Ultimately, respecting the tiers of play is a semi-hard rule, in that you can absolutely play with when class-wide average damage boosts appear. I did precisely that with my homebrew Tinkerer class. But what I learned is that balancing such a thing can be ridiculously difficult. I had to compare and contrast so many different kinds of damage output mechanics to help me get the Tinkerer to where it is today. If you can, avoid that.

Strong Thematic Narrative

A strong thematic narrative is an understanding of the conditions and circumstances by which your class has emerged into their world. It has nothing to do with mechanics, but instead everything to do with the causes and pressures in the world that give rise to and necessitate the emergence of your class.

Fighters exist because raw fighting ability is valuable in a violent world like DnD and a rare few will rise above the rest. Wizards exist because magic suffuses the world and careful study can reveal and grant access to its powers.


Rangers exist because there is a line between nature and civilization and there is a need for people to straddle it. Clerics exist because gods exist, and a select few who worship them are granted their power. So on and so forth. Filling in flavor text is not the only point to a strong thematic narrative. Homebrewing an entire class warrants creating new unique features.

If you have a strong thematic narrative, then coming up with ideas for new features, especially at higher levels, becomes much easier. One of the things that will halt a class’ development and prevent it from ever being finished is a weak thematic narrative. It will also be one of the first things criticized in reviews.

Awareness and Assumption of Feats

To quote the UA: Feats article

To begin with, since using feats is an optional rule, it’s important to never assume that a particular feat will be a part of the game. For instance, a class can’t refer to a feat, and feats should never be granted as class features.

This means three things:

  • a) Never include a feat as a class feature,
  • b) Never refer to a feat in your class, and
  • c) Never assume that any given feat will be made available to any given player. Your class should not rely on feats to function.

However, you should absolutely be aware of how feats interact with your class’ features and what abuses may arise. For example, if there was a feature that gave you unlimited reactions, there’s obvious abuse when combined with the Polearm Master feat.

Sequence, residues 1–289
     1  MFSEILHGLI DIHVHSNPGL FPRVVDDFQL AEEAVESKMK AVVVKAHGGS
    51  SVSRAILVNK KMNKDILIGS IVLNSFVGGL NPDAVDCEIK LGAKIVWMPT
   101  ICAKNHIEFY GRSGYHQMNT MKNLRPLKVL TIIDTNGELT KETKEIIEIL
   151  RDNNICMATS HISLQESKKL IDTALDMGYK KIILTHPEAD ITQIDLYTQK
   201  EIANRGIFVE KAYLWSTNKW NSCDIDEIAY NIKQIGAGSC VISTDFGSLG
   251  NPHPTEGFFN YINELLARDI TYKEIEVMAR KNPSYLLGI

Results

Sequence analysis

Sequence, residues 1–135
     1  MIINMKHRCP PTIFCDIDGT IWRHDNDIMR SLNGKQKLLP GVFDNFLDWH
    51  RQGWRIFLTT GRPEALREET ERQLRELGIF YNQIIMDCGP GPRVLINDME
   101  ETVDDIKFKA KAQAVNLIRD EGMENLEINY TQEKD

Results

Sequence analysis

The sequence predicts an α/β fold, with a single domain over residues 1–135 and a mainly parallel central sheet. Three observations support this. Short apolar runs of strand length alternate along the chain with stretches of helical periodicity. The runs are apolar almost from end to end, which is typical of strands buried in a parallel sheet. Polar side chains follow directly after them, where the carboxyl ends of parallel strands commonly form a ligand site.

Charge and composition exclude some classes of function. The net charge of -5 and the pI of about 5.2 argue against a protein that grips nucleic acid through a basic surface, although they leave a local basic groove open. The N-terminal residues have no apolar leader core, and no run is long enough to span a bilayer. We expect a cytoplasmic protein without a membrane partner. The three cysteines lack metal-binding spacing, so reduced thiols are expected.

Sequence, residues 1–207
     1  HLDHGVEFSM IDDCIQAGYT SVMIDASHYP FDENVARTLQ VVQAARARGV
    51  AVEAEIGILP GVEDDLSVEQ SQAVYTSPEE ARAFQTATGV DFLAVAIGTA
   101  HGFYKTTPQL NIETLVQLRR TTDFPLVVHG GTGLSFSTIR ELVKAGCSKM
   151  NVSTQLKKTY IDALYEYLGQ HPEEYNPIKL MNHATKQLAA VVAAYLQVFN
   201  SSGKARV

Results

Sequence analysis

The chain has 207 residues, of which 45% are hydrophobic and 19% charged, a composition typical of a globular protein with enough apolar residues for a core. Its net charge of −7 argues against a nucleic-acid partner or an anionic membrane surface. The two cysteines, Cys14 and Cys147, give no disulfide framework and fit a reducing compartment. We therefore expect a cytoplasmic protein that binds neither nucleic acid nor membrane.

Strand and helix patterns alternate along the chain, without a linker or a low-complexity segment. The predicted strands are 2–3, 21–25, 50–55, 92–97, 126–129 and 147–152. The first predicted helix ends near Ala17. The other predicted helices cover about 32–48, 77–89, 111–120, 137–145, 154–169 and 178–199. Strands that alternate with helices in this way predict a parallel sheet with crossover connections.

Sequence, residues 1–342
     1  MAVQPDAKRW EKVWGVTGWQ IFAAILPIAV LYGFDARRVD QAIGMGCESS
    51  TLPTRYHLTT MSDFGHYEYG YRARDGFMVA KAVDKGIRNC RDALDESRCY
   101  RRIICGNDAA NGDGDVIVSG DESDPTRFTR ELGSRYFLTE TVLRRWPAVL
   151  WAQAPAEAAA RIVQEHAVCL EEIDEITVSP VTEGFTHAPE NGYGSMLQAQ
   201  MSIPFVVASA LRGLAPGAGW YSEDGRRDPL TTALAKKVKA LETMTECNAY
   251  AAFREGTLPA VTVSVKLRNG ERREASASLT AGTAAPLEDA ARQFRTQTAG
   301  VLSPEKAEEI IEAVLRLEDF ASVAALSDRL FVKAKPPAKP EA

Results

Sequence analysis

And there is at least some room for taking a bullet point from a feat. For feats with multiple bullet points, determine which bullets are the most significant aspect of the feat.

For example, the -5/+10 from Sharpshooter is clearly its primary benefit. Once you determine which bullet point(s) is the most important, don't use them. If you must take something from a feat, take the less significant bullet points, such as Sharpshooter’s ignoring of cover. Provide enough room where feats you pull bullet points from can still be valuable investments for players.

Resistance vs. Damage Reduction: Favor Resistance!

5e utilizes the mechanics of Resistance and Immunity, which instead of reducing damage by a certain value simply lets you halve or reduce to zero damage. Damage Reduction (DR) appears in 1 form (or 2? UA Stone Sorcerer I think?) in the Heavy Armor Master feat.

In a general sense, the fewer calculations you have to make the better. Halving is more elegant than subtracting. In a specific sense, the potency of Heavy Armor Master is I argue understated. The fact that it does not scale with class level is often seen as a detriment, as well as its limitation to non-magical weapon damage. However, enemy magical attacks tend to be far and few inbetween, and the overall long term benefits of 3 DR are considerable. Whether you’re taking 5 damage at lower levels or 21 at higher levels, reducing incoming damage by 3 over the course of a day can save you as much as half your hit dice expenditure on self-healing.

Consider especially that at higher levels monsters tend to get more attacks as much as they increase their base damage. So be wary of the understated potency of DR and favor Resistance as a more elegant solution wherever you can. And don’t forget about Temporary Hit Points.


Not Quite Fundamentals

The following are things that do not quite fit into the "fundamentals" of 5e, due to being even more abstract or observational. This does not mean they are any less important. Rather, these are just "softer" "rules" of class homebrew.

Number of Features

Be wary not to plug too many features into a single level. You may want all your goodies as soon as possible, but you must restrain yourself. Just choose and keep the most essential. Most classes have 1, maybe 2, and at the worst 3 distinct features/abilities within a level. For example, Paladin has Spellcasting, Smites, and Fighting Styles at 2nd level, but Smites is like an offshoot of spellcasting since it uses the same resource, so it’s more like 2.5.

Do not try to pass off a feature with multiple bullet points as merely being a single feature. Whether that feature counts as having the equivalent power of 1 or multiple features is dependent on what the bullet points contain. For example, the PHB Ranger’s Natural Explorer features 6 bullet points + double proficiency skill check boost on specific uses, but they are all limited to mechanics regarding navigating terrain largely outside of combat. Despite their number, each individual bullet point's power is small, so their combined effective power is ultimately moderate.